The compost bin outside my house had maggots crawling along the lid; the sight seemed too familiar. Death was everywhere.

The text came from John a few days later. He was in Reykjavik, and Radiohead had just finished their main stage set at the Secret Solstice festival.

“Latency Period. That’s what you should call your column.”

The words were unfamiliar to him; he had no idea where they’d come from. They’d struck Eureka-like from the Icelandic sky, which never darkened in the week that he was there. Words from the sky, words from light. A good omen, then; dreams of the sky had pulled me across the country, had opened my heart, and I’ve come to accept that for all my secular rationality, for all my rootedness, I worship the firmament.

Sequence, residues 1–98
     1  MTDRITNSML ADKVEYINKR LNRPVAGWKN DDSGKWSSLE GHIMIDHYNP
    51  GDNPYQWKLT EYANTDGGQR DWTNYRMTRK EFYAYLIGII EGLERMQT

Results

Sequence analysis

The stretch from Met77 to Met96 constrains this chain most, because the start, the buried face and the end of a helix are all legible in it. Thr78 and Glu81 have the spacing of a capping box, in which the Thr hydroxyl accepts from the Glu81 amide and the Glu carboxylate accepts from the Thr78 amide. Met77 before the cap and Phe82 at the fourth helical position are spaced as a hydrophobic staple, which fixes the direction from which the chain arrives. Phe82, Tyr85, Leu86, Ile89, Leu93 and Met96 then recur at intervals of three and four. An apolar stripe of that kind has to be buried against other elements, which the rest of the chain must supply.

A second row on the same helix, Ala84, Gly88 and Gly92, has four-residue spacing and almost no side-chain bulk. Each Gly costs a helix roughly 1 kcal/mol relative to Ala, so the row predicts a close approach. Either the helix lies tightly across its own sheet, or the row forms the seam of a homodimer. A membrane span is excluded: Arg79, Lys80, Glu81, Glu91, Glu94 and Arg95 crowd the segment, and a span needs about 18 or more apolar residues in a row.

Still, I was unsure.

I read the various descriptions. I flirted with the definitions. I let it all marinate.

For Freud, the latency period was a stage of psychosexual development marked by calm. An eye in the psychosexual storm, when energies previously strewn about in conflict can be spent developing the self. I thought about the piece I’d published in Nailed, soon after uprooting my life and moving it three thousand miles from New York City to Portland, Oregon. Shoulder Blades was indeed like a bridge between the Oedipal and the personal. I killed my father and embraced myself.